By Abel Merawi
September 19, 2019 (Ezega.com) -- Imagine how you would feel if you wake up one day and absolutely no one recognizes your existence. People pass you by without even glancing at your direction, as if you don’t exist. You try to speak to people, but people do not hear or respond to you. You become invisible to the world. You no longer have friends or family members for you to be part of society. Let us stretch the point in a realistic manner by assuming that you are visible but have no one with whom to identify yourself with. You have cut ties with your family, you have no friends, and you do not belong to any religious, ethnic, political or social group. The question is, when there is no one or nothing to associate your existence with, can you have an identity?
The fear of being oblivion to others can play a dominant role in our constant quest for attachment. This pursuit for identity begins at an individual level, and gradually encompasses most aspects of life. Aristotle in ‘Politics’ states, “Man is by nature a social animal; an individual who is unsocial naturally and not accidentally is either beneath our notice or more than human. Society is something that precedes the individual. Anyone who either cannot lead the common life or is so self-sufficient as not to need to, and therefore does not partake of society, is either a beast or a god.” Accordingly, as we are neither beast nor god, it is necessary for us to identify ourselves with society, which entails enjoying the privileges of membership and fulfilling the required duties. However, we should be cognizant of the fact that by finding our identity in one, we may have enmity with another.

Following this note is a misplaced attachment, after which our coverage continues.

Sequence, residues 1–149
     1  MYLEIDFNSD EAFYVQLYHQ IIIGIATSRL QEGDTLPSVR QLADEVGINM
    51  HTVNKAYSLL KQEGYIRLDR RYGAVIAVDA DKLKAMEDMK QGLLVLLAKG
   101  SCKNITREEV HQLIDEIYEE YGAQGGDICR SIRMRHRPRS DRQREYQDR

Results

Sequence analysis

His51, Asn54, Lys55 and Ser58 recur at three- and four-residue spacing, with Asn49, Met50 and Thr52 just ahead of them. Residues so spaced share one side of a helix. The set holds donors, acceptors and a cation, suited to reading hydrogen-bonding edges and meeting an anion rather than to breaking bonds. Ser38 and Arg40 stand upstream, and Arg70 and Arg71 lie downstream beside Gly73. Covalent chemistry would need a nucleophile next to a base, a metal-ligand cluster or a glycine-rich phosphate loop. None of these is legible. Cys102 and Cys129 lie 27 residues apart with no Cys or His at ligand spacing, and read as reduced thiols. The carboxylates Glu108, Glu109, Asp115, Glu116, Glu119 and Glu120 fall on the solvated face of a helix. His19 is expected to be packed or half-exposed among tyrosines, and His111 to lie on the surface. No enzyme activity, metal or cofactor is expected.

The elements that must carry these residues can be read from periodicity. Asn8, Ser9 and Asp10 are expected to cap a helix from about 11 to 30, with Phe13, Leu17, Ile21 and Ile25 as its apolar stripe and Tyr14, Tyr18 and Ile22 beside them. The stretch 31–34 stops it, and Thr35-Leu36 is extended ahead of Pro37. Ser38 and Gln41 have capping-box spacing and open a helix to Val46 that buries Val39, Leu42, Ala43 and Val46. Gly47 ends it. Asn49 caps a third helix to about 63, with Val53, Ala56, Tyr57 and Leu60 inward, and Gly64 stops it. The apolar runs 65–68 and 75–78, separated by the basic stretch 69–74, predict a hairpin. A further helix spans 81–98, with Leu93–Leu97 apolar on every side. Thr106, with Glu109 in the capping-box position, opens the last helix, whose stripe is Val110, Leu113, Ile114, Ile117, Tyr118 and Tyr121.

Throughout human history, war has been a constant variable. We wage wars in the name of our nation, our religion, our ethnic group, or any ideology that constitutes our identity. The 21st century is no exception, with most countries shying away from globalization and restricting their identity to a national or ethnic level. Britain voting to leave the EU, America electing Trump, South Africa persecuting and killing other Africans through xenophobia, the Arab uprising, the numerous ethnic conflicts in Ethiopia, and the ‘ethnic cleansing’ of Rohingya Muslims in Myanamar can be examples of conflicts in the name of identity. Taking these global problems into consideration, let us try to examine the formation of identity, and the healthy benefits we can derive from it.